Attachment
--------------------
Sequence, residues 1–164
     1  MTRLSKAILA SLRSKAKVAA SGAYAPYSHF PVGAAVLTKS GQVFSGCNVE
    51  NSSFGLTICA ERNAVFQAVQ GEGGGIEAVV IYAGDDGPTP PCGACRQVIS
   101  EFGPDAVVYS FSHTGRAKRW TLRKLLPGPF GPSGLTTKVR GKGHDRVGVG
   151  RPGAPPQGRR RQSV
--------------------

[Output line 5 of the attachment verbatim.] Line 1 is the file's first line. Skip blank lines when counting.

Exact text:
   151  RPGAPPQGRR RQSV